Drag site icon to your taskbar to pin site. Learn More

Josh Creamer ATV Motocross Racing Interview

Tuesday, November 9, 2010
Josh Creamer aboard his No. 9 Suzuki QuadRacer R450.
Josh Creamer aboard his No. 9 Suzuki QuadRacer R450.
In his first year competing with the Rockstar Makita Suzuki team, Josh Creamer claimed his first-ever championship in this year’s AMA Pro ATV Motocross series. He did so aboard the Suzuki QuadRacer R450 sport quad. His title didn’t come easy however with 25-year-old New England rider battling tooth and nail with his teammate and two-time champ, Dustin Wimmer. We recently had the opportunity to speak with Creamer at Suzuki’s dealer meeting in Las Vegas, Nevada where the Japanese powersports giant announced the release of the all-new GSX-R sportbike that you can read about in our 2011 Suzuki GSX-R600 and GSX-R750 First Look.

HOW HE GOT STARTED IN ATV RACING:
 
I went to a local race back in 2002 and kind of figured I was faster than those guys. The next year I just started racing and things progressed pretty quick. I started riding four-wheelers probably when I was 10-years-old then started racing when I was 18. It was mostly just trail riding from the get-go and riding in the woods, just messing around. I really didn’t start hitting jumps and doing that sort of stuff until I was 15 or 16. That’s when I learned you could actually jump the things [laughs]. Then I started getting into it and went to that race and then we just started racing.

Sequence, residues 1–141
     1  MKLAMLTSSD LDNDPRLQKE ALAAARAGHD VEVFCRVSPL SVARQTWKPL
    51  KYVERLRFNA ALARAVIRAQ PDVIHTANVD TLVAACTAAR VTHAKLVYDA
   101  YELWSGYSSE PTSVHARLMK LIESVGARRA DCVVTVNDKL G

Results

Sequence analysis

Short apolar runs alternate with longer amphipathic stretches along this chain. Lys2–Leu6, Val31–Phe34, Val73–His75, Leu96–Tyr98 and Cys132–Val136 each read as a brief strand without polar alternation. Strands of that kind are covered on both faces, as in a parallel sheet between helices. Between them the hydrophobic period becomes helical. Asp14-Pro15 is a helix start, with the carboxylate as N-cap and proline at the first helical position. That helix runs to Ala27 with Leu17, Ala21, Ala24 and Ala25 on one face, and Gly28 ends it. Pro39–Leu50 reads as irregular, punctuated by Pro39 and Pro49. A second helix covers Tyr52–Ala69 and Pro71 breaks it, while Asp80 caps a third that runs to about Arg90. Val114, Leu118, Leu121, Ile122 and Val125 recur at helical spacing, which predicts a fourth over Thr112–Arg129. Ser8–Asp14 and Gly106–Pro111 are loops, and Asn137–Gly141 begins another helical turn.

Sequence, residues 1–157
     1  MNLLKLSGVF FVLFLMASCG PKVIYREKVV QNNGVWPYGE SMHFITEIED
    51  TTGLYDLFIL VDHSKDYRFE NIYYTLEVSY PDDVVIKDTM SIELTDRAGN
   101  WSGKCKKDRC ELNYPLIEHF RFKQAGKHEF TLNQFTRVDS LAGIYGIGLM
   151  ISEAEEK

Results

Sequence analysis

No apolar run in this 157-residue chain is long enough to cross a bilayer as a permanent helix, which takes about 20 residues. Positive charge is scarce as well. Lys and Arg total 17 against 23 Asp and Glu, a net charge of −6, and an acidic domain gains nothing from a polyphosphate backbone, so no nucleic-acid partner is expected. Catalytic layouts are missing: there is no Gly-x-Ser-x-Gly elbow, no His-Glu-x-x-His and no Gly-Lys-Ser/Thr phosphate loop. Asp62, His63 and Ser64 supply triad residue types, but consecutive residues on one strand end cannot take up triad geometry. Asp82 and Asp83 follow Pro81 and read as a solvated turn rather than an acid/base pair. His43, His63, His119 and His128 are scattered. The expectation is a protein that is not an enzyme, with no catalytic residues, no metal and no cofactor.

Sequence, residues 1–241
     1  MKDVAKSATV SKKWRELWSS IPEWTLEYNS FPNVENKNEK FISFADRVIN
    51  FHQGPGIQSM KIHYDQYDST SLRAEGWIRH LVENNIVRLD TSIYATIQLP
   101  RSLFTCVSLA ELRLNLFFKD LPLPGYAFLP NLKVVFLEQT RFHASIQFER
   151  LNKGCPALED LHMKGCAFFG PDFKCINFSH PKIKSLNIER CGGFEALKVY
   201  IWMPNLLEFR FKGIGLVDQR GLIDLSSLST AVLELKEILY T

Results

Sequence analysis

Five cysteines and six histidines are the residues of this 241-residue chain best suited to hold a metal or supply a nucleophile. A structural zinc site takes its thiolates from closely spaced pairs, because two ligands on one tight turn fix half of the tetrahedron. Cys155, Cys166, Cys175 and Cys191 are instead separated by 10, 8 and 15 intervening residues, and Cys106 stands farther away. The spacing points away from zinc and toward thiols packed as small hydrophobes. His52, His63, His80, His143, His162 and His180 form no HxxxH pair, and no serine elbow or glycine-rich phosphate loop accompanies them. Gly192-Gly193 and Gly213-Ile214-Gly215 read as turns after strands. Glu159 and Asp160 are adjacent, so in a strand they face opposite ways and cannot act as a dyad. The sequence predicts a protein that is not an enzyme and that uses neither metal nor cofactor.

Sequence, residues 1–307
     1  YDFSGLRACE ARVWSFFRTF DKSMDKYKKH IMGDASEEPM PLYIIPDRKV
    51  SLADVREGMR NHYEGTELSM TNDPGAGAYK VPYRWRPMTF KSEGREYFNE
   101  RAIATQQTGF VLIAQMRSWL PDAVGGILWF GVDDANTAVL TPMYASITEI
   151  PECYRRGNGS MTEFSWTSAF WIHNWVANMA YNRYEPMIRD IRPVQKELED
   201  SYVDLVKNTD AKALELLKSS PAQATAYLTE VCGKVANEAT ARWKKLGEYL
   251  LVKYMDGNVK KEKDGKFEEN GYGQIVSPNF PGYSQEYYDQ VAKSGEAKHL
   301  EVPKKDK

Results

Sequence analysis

HAVE YOU EVER RIDDEN DIRT BIKES:
 
Left to Right: Dustin Wimmer  #1   Josh Creamer  #9   and Chad Wienen  #44  - 2010 AMA ATV Motocross Muddy Creek.
Left to Right: Dustin Wimmer (#1), Josh Creamer (#9), and Chad Wienen (#44) - 2010 AMA ATV Motocross Muddy Creek.

I’ve had dirt bikes I can ride them and go out and jump them and doing everything I do on my four-wheeler. It’s not a big deal. Cornering is tough. It’s a totally different beast in the corner. I like bikes but I try and stick off of them because I ride four-wheelers, I race four-wheelers—I do what I know.
 
WHY DID YOU DECIDE TO GO AFTER ATVS INSTEAD OF BIKES:
 
I just started out on four-wheelers I would have raced bikes if it was up to me but my dad he never wanted me on a dirt bike. But he said you can race a four-wheeler. So I was like, yeah okay.
 
LAUNCHING 400-PLUS POUND ATVS THROUGH THE AIR:

Once you get the hang of it, it’s nothing really. It’s all getting a hang of it. It all just came natural to me. I’ve always been good at jumping them. It’s one of my strong points.

GENERAL STATE OF THE SERIES HE COMPETES IN (AMA PRO ATV MOTOCROSS):